This paper belongs to Thematic Session 2 of the Gothenburg Meeting Science Symposium
Birte Asmuß, Aarhus University (Management)
Authors: Birte Asmuß, Aarhus University, firstname.lastname@example.org
Sae Oshima, Aarhus University, email@example.com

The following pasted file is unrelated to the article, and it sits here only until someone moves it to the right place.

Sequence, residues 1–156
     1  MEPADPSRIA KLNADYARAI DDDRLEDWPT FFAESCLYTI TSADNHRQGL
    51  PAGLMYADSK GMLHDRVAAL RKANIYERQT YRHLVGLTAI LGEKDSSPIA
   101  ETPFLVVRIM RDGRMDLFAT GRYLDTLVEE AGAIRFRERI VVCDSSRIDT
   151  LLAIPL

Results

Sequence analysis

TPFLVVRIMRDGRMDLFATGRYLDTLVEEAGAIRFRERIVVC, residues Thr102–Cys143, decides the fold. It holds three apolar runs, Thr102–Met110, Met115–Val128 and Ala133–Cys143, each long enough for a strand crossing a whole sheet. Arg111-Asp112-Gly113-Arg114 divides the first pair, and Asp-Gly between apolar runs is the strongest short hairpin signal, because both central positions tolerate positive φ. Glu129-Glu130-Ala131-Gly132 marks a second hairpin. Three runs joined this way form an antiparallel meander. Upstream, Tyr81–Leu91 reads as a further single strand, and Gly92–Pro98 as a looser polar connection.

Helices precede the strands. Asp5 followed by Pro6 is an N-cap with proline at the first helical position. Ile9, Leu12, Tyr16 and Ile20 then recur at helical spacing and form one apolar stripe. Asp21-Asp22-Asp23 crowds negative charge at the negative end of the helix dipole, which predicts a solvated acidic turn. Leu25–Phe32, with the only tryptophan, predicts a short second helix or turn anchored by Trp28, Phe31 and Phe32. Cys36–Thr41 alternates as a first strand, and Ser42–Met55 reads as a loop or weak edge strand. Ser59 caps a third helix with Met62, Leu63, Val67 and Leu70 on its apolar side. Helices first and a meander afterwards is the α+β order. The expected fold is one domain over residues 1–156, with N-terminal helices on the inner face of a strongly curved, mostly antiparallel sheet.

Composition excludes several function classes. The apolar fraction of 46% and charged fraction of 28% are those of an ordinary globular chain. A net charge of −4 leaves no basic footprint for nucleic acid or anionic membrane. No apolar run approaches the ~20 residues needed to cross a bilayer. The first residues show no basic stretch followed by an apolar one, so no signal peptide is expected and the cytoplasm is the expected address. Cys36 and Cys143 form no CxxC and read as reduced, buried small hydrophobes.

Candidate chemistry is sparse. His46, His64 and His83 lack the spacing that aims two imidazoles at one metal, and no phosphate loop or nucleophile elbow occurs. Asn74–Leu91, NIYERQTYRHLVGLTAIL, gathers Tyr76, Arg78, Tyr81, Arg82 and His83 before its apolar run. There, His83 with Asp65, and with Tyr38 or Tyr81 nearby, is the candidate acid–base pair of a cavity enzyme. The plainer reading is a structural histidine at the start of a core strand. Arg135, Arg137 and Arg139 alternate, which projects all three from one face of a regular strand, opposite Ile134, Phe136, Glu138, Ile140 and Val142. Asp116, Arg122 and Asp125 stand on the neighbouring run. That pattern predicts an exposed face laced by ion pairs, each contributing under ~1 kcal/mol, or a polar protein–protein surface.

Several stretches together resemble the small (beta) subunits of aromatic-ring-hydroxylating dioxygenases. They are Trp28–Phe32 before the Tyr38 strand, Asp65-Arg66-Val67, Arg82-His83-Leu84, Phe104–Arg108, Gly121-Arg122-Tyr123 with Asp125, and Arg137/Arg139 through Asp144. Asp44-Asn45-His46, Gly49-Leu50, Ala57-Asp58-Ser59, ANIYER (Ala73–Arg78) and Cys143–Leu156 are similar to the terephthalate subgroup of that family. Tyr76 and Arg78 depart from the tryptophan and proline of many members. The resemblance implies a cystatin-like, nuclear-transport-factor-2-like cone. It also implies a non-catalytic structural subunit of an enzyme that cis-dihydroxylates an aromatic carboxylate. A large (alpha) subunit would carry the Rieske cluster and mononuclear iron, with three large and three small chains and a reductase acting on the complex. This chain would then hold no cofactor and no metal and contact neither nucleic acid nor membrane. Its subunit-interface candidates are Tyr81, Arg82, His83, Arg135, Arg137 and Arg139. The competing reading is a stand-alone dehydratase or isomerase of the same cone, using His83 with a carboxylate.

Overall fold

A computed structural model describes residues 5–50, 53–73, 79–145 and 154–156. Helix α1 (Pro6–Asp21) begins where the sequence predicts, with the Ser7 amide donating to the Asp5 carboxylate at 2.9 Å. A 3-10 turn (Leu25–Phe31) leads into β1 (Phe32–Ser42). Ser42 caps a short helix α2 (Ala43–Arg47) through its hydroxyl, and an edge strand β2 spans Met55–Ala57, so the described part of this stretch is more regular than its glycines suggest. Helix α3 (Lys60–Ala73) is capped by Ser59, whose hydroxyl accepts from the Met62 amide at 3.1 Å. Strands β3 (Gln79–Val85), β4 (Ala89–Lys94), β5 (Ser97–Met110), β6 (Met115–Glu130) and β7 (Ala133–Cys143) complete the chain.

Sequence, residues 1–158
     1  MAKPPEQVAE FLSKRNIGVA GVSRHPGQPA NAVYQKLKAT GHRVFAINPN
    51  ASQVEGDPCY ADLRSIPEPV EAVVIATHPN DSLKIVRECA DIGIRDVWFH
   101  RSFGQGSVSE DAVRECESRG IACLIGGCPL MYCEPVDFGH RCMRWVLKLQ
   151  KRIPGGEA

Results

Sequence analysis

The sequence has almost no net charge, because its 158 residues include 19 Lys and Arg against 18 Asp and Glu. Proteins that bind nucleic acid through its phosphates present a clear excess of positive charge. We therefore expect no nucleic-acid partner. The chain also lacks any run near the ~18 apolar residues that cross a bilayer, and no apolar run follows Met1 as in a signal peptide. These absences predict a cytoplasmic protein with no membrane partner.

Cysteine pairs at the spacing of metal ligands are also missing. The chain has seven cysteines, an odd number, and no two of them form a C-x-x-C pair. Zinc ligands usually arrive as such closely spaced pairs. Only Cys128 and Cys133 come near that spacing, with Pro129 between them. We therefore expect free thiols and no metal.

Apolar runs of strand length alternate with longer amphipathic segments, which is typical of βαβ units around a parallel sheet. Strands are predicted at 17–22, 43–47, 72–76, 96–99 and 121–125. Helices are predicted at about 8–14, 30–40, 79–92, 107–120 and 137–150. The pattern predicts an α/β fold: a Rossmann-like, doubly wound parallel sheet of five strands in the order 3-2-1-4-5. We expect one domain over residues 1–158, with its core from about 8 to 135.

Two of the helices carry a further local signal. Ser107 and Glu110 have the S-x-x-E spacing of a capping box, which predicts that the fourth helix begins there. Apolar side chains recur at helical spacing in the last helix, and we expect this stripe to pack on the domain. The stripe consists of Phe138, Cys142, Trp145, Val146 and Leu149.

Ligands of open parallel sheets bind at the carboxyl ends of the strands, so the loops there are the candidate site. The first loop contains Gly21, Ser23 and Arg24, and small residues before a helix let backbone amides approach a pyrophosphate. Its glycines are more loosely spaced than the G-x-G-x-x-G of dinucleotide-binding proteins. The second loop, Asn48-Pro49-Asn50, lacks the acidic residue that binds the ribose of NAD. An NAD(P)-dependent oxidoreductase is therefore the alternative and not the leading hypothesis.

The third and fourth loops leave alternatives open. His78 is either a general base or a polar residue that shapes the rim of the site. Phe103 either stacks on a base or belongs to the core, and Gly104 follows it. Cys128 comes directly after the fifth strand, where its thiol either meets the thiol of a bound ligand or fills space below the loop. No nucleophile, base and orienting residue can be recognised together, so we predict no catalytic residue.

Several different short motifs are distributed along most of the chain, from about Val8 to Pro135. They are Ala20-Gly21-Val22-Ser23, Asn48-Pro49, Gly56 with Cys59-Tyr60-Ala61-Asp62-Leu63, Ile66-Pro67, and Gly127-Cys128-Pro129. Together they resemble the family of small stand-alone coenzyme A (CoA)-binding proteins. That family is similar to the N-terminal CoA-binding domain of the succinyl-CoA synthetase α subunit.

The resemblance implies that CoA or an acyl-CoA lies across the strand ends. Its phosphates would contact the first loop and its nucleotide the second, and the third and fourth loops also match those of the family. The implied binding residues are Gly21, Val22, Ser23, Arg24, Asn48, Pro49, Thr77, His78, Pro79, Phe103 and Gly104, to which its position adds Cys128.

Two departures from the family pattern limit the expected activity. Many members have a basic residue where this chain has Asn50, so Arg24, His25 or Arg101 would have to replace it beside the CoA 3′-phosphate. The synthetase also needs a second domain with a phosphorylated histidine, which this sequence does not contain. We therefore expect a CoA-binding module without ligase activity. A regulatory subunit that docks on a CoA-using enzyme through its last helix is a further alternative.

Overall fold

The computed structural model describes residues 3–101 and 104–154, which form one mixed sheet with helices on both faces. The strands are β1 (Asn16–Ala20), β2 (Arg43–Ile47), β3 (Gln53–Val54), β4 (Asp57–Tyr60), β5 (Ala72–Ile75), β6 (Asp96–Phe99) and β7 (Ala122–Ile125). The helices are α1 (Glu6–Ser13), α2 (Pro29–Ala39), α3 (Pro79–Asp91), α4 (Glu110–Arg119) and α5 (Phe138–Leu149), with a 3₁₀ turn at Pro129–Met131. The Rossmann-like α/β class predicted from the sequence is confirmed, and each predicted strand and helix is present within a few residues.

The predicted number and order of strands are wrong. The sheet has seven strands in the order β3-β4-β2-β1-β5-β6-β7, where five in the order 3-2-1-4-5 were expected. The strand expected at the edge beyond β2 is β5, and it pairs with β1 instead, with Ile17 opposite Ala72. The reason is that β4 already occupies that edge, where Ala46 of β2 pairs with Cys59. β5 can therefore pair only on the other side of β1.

Meetings are places, where identity negotiation is a central activity and where members’ local practices recurrently inform and are informed by larger categories (Antaki and Widdicombe 1998). Correspondingly, the approach to understanding organization (macro) by way of identity work (micro) has become prominent (e.g. Fasulo and Zucchermaglio 2002, Alvesson, Lee Ashcraft et al. 2008, Vöge 2010). The current paper aims to further uncover this mechanism by looking at an organizational lunchroom meeting. Our data come from a U.S. design company that has just gone through a merger with another company, and in the data recorded over 10 days, the employees frequently complain about the many changes that have taken place. Our focus lies in a unique occasion where one of the managers makes an unusual appearance at the lunchroom. In this situation, he is the only one that is on the business side of the company, and all members know (and display) that he holds some information that the rest don’t have access to. Our analysis shows that the participants evoke various identities of the manager, sometimes orienting to the structure of the organization, and other times orienting to wider social categories belonging outside the organization. By taking a close look at this single case, we aim to reveal the members’ practices for orienting to and accomplishing the micro-macro divide (or not) in situ, and how the practices are worked around the affordances and restrictions of the eating-lunch activity. Ultimately, such analysis opens the way for discussing the organizational value of facilitating informal meeting places.